Pure Natural Market offers lots of Jamaican-influenced allergy-friendly options. I saw a new place called Healthy Habit out by the airport, which I hope to go to before we head back to Colorado Springs. We also now have a Kroger (42 Shelter Cove Lane) with a huge “health-food department” as well as a Whole Foods (50 Shelter Cove Lane). This makes it easy to pick up quick and safe meals for beach picnics.

It’s taken me many years–and many good and not-so-good experiences –to learn how to dine out safely.  If you have a tip for safe restaurant eating, or want to share a good or bad restaurant experience, please comment below.

“Eating Out: An Allergic Foodie Shares Strategies” first appeared at “Adventures of an Allergic Foodie.”

Cookies from Goldilocks Goodies

An Allergic Foodie Finds a “Just Right” Cookie

It’s not often an allergic foodie gets to eat a treat. Not often at all.

If I’m eating out, a restaurant may offer me sorbet–please no mango or pineapple or I’ll break out in hives–or a bowl of berries. A dessert cup of berries costs more than a pint at the store, so I usually smile sweetly and say, “I’m too full for dessert.”

I am never too full for dessert.

So imagine my happiness when these allergy-friendly cookies arrived on my doorstep!

A Sweet Treat for an Allergic Foodie

They arrived two weeks before my birthday, so I decided to save them for a birthday treat.

This was hard. Really, really hard.

But here’s the thing. Not only do I have celiac disease and allergies to dairy, soy, and corn, I also cannot eat vanilla, nutmeg and guar gum. Oh and yeast seems to be a problem lately. (Actually, yeast has been a problem for a long time, but I have a tiny bit of a problem with denial.)  All these allergens are common in gluten-free and “allergy-friendly” processed baked goods.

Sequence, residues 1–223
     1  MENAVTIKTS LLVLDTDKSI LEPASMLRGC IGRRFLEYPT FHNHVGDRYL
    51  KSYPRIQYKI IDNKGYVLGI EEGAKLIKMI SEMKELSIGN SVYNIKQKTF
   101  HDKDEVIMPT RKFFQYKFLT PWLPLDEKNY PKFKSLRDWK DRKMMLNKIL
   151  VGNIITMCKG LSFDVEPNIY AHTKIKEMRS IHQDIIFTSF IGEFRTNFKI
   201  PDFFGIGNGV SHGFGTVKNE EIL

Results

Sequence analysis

For an allergic foodie, the words “No Top 8” does not mean the cookies are “Allergy Friendly.”

Goldilocks Goodies Peanut Butter and Chocolate Chip cookies have FIVE ingredients. FIVE!  I didn’t have to scan the package for words like “maltodextrin” or “food starch.”  (Do note, however, if you have a peanut allergy, these aren’t for you.)

So I thought, how can a cookie stay together and taste good with just five ingredients?

I ate one. Okay I ate them all–it was my birthday. OMG, these are so gooooood.  I’m a Vermont girl, so I love the maple syrup flavor. The Himalayan sea salt gives the cookies a grown-up taste. Of course, I don’t know any kids who wouldn’t like them, too.

Lately, my husband has been into eating chocolate bars with almonds and sea salt while I drool, so I am really thrilled to now have something I can moan over and not give him a bite (we have issues; see my last post).

Besides having awesome cookies and other baked goods like Whoopie Pies, Goldilocks Goodies is a really cool small company. Emily Robins, the chief baker and founder, comes from a long line of bakers including her grandmother who singlehandedly rolled out nine pie crusts during harvest season to bake pies for the farm hands. Wow.

A Sweet Treat

Founder and Chief Chef of Goldilocks Goodies Emily Robins (right) with her mother

Emily went gluten free six years ago to help with the symptoms associated with Lyme Disease (celiac disease also runs in the family).  While going gluten free helped her feel better, she couldn’t find a cookie that wasn’t “grainy, too processed, and full of artificial ingredients.”  Like Goldilocks, Emily searched and searched for a cookie that was “just right.” Emily and I have a lot in common.

Discouraged, Emily began baking her own gluten-free cookies. She says, “My passion for baking was started because of my love of eating.”  Did I mention Emily and I have a lot in common?

As an allergic foodie, I believe it’s important for those of us with food restrictions to support the small companies like this one who are dedicated to making food we can eat safely. Without them, there’d be no cookies for an allergic foodie, and that would be sad. Really, really sad.

You can read all about Goldilocks Goodies here. The business is in Lancaster County,  PA but baked goods–did I mention they have WHOOPIE PIES?–can also be found in Virginia, Maryland and the DC area.  Some baked goods can be ordered online, too.

An Allergic Foodie Finds a “Just Right” Cookie originally appeared at Adventures of an Allergic Foodie.